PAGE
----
John, just quickly....would I be correct in assuming that the small "part cable" coming from the trans (just ahead of the first arrow) would be for the Speedo?

It also appears to be going in, up on an angle.

 

Many thanks

Greg
 

 

Yes, that round protrusion between the front shifter pad & the side cover is indeed the speedometer cable connection. 

 

I made one using a piece of tubing and a 00-90 nut. 

Attached File  Image 8.jpg   76.37KB   13 downloads

 

The round nub next to it is the reverse fork shaft.

 

Attached Files


Edited by FASTBACK340, 22 January 2014 - 01:20 AM.


#697 tim boyd

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Posted 22 January 2014 - 06:18 AM

 

Yes, that round protrusion between the front shifter pad & the side cover is indeed the speedometer cable connection.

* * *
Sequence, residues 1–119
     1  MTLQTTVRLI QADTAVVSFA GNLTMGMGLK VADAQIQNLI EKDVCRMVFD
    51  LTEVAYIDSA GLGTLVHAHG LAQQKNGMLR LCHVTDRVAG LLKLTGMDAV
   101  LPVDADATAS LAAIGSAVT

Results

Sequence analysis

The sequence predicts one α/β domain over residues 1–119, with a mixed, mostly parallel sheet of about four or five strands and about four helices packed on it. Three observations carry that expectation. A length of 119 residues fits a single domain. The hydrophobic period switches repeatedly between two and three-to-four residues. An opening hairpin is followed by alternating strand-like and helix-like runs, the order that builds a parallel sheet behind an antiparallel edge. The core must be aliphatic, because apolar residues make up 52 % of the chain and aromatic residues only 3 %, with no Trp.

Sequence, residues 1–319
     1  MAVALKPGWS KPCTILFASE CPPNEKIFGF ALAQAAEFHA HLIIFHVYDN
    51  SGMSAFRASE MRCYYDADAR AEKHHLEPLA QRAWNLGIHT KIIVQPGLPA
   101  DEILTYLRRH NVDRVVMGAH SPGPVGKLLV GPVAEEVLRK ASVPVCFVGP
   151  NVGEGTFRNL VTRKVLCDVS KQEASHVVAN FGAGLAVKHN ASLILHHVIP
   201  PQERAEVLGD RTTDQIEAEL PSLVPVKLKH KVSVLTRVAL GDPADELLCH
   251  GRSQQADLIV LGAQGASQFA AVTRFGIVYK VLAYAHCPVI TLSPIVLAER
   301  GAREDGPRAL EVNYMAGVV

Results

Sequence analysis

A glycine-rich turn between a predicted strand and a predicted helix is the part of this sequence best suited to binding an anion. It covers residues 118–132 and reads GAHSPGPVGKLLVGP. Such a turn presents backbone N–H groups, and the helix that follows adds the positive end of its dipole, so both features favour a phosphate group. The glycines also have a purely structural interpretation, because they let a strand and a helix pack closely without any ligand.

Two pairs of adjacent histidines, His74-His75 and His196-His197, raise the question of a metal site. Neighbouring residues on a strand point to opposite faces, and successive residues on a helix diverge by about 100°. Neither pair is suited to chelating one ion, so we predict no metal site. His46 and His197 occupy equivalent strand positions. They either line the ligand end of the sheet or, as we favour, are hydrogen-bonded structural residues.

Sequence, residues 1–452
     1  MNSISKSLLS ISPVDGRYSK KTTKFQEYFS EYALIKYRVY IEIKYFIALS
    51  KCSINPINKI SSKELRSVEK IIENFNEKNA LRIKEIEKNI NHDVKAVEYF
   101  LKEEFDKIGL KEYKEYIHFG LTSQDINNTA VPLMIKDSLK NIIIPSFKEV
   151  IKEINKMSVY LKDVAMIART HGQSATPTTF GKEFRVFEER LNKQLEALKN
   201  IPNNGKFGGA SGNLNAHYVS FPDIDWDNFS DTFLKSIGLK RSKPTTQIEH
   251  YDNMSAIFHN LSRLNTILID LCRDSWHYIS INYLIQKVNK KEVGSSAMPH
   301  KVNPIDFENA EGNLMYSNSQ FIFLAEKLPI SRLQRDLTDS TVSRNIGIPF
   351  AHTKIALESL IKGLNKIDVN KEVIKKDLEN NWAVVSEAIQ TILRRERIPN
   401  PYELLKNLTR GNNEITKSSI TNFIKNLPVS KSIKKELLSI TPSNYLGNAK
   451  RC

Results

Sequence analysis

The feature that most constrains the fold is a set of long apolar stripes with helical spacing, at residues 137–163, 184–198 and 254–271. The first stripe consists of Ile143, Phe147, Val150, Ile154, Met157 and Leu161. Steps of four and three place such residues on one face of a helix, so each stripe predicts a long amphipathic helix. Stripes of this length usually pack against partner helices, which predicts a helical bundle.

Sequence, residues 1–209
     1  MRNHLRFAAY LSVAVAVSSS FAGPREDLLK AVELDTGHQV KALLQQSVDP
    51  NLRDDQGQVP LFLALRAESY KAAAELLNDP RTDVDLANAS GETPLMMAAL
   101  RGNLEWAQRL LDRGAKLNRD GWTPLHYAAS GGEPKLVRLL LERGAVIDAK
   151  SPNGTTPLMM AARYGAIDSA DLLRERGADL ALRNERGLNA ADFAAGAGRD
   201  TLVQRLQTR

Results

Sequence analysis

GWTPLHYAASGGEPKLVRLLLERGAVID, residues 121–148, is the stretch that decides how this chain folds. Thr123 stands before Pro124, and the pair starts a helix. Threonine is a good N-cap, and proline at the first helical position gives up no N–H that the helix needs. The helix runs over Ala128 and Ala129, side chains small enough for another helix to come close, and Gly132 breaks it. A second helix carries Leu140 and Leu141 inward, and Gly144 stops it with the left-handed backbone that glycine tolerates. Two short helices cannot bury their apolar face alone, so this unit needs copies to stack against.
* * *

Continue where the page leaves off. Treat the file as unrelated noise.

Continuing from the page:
I made one using a piece of tubing and a 00-90 nut. 

attachicon.gifImage 8.jpg

 

The round nub next to it is the reverse fork shaft.

 

John.....WOW!  Just WOWWWWW!  Superb detailing you are doing there.  Tim



#698 FASTBACK340

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Posted 22 January 2014 - 08:07 AM

For years I've watched builders such as yourself do everything I wish I could. 

 

Thank YOU!   :) 



#699 stump

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Posted 23 January 2014 - 01:43 PM

John, absolutely AWESOME stuff mate. B)

 

Ok, you've nudged me over the edge.....looking at adding some extra details to mine now. ;)  :lol: 



#700 Ryan S.

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Posted 11 February 2014 - 08:52 AM

Sorry if Ive missed this in all the posts, but has anyone put this new body on the 2006 Challanger chassis to see if its an easy fit? I'm thinking about doing new tech, old body pro touring style with the new 70, and wondered how they fit together.